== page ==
Because Michael did not have enough money to represent himself, a court appointed attorney was chosen.
The Innocence Project states that the indigent person is often assigned a lawyer who lacks the knowledge, skills, or even the spirit to defend a case properly.
An Innocence Project study found that 32% of the Wrongfully Convicted had sub par or outright incompetent legal help.
The above factors helped contribute to the wrongful conviction of Michael O’Laughlin.
From November 21, 2000, up until May 24, 2002, the defendant requested and suggested his attorney file meritorious motions concerning his innocence in conjunction with exculpatory evidence that the Commonwealth of Massachusetts obtained.
Michael requested a motion for change of venue be filed because his case met all the criteria necessary for a change of venue. The judge denied the motion. The defense attorney negligently and/or intentionally mislead Michael when he said “you can’t appeal the change of venue issue
until you're convicted.”
During a motion to dismiss the indictments, against Michael, the judge explained to the
prosecutor that he (prosecutor) knowingly violated Michael’s constitutional rights under article 12
of the Massachusetts Declaration of Rights. The prosecutor apologized before the court and the
judge denied the defendant’s motion. Michael asked his attorney if he could appeal this decision
and was negligently and/or intentionally told that he had to wait until he was convicted.
Michael requested that hand written notes by the victim that were extremely exculpatory, were
included in the Commonwealth’s discovery, and would be proof of another’s suspect’s motive be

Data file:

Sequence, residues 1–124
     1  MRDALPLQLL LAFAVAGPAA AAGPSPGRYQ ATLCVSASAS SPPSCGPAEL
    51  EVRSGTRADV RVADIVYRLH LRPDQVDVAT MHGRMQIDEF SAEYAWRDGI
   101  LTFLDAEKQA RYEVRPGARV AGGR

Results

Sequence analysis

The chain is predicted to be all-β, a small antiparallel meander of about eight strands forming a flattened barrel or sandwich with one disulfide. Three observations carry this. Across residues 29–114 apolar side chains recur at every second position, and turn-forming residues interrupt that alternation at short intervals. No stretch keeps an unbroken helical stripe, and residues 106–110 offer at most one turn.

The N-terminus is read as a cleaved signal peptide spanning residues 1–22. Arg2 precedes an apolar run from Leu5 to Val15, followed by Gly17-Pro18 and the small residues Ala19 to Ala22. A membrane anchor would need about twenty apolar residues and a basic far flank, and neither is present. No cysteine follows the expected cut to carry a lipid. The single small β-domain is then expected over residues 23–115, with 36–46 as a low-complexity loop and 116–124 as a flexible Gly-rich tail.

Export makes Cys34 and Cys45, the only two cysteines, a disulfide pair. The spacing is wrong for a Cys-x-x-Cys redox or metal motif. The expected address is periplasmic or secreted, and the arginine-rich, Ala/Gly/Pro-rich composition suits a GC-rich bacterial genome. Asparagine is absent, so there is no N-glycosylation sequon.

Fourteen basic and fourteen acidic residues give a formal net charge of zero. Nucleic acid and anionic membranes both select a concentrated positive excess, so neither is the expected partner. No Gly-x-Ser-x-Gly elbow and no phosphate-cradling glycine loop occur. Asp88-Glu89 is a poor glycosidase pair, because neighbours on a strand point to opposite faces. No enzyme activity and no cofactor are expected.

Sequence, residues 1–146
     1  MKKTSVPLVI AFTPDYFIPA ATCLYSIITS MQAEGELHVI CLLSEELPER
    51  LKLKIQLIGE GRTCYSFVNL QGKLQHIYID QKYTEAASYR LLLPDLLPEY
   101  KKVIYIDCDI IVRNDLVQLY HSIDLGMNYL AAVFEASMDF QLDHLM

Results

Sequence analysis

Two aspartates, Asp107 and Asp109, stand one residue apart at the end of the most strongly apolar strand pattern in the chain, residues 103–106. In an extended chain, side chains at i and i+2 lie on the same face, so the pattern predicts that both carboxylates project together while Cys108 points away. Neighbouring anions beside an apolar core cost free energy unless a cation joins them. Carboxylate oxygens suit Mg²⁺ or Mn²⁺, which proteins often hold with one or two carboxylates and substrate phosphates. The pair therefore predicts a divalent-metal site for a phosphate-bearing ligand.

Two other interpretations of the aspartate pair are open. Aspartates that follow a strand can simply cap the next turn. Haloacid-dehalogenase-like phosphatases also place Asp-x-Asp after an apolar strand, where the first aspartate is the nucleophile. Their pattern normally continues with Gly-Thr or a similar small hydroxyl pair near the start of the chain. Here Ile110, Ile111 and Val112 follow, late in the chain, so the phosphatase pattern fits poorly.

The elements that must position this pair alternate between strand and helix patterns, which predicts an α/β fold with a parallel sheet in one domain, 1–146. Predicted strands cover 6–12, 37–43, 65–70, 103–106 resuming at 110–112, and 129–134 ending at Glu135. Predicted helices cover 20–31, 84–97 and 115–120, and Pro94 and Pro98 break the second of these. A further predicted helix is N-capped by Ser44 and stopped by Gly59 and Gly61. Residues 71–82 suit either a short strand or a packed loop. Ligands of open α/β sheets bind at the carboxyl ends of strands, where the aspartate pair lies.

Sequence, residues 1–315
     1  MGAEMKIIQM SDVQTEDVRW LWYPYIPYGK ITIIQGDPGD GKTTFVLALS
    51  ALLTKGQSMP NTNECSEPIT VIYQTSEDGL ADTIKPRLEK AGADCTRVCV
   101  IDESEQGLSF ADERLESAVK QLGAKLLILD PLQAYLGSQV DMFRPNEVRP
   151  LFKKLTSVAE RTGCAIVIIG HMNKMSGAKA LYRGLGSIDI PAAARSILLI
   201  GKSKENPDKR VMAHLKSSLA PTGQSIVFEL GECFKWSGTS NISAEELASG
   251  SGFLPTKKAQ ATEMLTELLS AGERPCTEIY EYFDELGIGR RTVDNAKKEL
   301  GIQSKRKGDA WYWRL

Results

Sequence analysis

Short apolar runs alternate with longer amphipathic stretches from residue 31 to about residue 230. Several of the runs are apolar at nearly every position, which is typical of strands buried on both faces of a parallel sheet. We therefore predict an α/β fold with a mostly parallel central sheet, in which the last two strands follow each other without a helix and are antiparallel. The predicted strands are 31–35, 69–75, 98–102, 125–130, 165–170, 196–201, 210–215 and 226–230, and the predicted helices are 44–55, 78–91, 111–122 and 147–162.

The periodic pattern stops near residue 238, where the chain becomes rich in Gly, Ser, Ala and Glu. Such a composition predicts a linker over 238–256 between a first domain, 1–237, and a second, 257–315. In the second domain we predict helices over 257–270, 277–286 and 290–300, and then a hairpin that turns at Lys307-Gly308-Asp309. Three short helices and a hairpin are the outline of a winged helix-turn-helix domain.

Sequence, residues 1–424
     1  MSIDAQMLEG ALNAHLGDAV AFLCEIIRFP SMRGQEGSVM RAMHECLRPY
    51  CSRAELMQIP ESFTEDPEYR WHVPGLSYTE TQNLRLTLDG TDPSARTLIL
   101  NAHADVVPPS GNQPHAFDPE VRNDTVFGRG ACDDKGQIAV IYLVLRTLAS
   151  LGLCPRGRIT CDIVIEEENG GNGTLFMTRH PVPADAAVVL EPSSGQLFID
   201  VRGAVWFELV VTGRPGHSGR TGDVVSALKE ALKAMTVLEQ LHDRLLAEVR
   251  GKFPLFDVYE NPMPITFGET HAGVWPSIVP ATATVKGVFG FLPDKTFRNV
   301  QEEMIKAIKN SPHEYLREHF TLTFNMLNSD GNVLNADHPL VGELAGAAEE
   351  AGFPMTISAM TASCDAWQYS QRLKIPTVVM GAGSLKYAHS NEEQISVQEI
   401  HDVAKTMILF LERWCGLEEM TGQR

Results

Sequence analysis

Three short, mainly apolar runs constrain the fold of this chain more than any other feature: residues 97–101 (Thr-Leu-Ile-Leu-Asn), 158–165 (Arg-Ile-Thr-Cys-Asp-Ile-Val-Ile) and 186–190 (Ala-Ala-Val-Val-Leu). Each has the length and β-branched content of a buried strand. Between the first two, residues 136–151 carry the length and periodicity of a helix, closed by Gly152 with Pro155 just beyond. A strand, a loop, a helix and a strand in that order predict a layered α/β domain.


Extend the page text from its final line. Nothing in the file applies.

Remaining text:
introduced at trial. The defense attorney said he did not know how to introduce the notes at trial
Michael asked his attorney if a handwriting expert would be the correct approach and was
negligently and/or intentionally told “no.” The defense attorney failed to introduce any of the
exculpatory statements as evidence.
On October 9, 2001 the defense’s DNA expert informed the defense attorney that all blood
samples were contaminated and ultimately destroyed, at the Massachusetts Sate Police Crime
Laboratory. The second round of testing done on October 26, 2001 also proved to be
inconclusive. The Commonwealth of Massachusetts conceded to contaminating the samples
Michael asked his attorney to file a motion for loss or destroyed evidence because the DNA test
was exculpatory and would have proved his innocence. The defense attorney negligently and/or
intentionally refused to file the motion and found it trivial.
Michael asked his attorney to file a motion to suppress the “bat” which the prosecution argued
was the weapon when there was no conclusive evidence to link the bat to the crime. The defense
attorney negligently and/or intentionally refused to file a motion and stated “the bat is coming in
one way or another.”
Michael requested his attorney obtain all discovery material pertaining to his case. The defense
attorney gave a small laugh and said to Michael “it would take a dolly to bring all your discovery